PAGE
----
Figure 37.4

Procedure (d) Stir the contents gently. (e) Record the maximum temperature reached by the solution, T4, in Table 37.2. 8. (a) Re-weigh the weighing bottle with calcium carbonate residue, M4.
(b) Record the mass in Table 37.2.

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Procedure Total mass of weighing bottle and calcium carbonate before addition, M3 (g) Total mass of weighing bottle and calcium carbonate residue after addition, M4 (g) Mass of calcium carbonate added for reaction, M3 M4 (g) Initial temperature of the solution, T3 (C) Final temperature of the solution, T4 (C) Temperature change, T4 T3 (C) Table 37.2
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6.07

3.05 3.02 26.2


28.5 +2.3

Calculations 9. (a) Write a chemical equation (Equation 1) for the reaction between calcium and dilute hydrochloric acid. Ca(s) + 2HCl(aq) CaCl2(aq) + H2(g)

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Calculations (b) Calculate the heat evolved when calcium used in part A reacts completely with dilute hydrochloric acid.

Note Assume that the specific heat capacity and density of the solution are the same as those of water i.e. 4.2 J g1 K1 and 1.0 g cm3 respectively.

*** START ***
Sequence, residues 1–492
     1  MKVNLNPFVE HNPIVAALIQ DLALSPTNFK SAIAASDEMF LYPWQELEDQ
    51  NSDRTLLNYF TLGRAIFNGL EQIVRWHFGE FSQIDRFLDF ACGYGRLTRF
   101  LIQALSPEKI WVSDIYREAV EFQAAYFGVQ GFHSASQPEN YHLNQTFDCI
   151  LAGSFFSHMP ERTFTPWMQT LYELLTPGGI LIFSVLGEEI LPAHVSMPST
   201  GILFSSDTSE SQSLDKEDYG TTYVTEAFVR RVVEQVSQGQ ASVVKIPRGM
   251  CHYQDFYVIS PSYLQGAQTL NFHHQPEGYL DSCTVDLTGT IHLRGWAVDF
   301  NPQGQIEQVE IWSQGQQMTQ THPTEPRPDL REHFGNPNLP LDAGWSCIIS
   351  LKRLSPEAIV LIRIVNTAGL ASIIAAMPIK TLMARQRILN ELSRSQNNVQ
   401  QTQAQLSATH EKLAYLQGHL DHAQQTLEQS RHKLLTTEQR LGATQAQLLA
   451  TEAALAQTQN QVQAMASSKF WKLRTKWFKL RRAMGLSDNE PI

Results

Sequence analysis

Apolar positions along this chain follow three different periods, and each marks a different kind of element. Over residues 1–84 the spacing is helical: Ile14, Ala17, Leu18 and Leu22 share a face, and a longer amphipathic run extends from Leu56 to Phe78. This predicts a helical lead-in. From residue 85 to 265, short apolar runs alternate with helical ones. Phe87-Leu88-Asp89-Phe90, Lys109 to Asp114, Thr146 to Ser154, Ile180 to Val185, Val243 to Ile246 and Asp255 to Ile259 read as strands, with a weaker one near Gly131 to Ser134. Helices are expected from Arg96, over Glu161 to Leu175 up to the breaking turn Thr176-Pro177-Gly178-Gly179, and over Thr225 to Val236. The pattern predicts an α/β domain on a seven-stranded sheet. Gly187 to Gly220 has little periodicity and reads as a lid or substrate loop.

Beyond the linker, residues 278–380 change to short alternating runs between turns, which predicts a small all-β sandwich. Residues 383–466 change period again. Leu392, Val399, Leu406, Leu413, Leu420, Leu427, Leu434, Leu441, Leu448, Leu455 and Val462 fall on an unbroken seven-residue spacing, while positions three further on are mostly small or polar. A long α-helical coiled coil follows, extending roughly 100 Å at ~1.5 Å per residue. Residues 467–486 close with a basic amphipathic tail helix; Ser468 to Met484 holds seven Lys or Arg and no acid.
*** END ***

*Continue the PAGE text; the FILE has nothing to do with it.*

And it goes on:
Heat evolved = m c T = 100 cm3 1.0 g cm3 4.2 J g1 K1 24.5 K = 10290 J

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Calculations
(c) Hence, calculate the heat evolved when 1 mole of calcium reacts completely with dilute hydrochloric acid. 0.99 g Number of moles of calcium used = 40.1 g mol1

= 0.0247 mol
From the equation, the mole ratio of Ca : HCl = 1:2

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Calculations Number of moles of dilute hydrochloric acid used 100 3 dm3 = 1.0 mol dm 1000 = 0.1 mol HCl is in excess. Heat evolved when 1 mole of calcium reacts completely with dilute hydrochloric acid 10290 J = 0.0247 mol = 416599 J mol1 = 416.6 kJ mol1
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Calculations 10. (a) Write a chemical equation (Equation 2) for the reaction between calcium carbonate and dilute hydrochloric acid.
CaCO3(s) + 2HCl(aq) CaCl2(aq) + H2O(l) + CO2(g)

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Calculations (b) Calculate the heat evolved when calcium carbonate used in part B reacts completely with dilute hydrochloric acid.

Note Assume that the specific heat capacity and density of the solution are the same as those of water i.e. 4.2 J g1 K1 and 1.0 g cm3 respectively.

Heat evolved = m c T = 100 cm3 1.0 g cm3 4.2 J g1 K1 2.3 K

= 966 J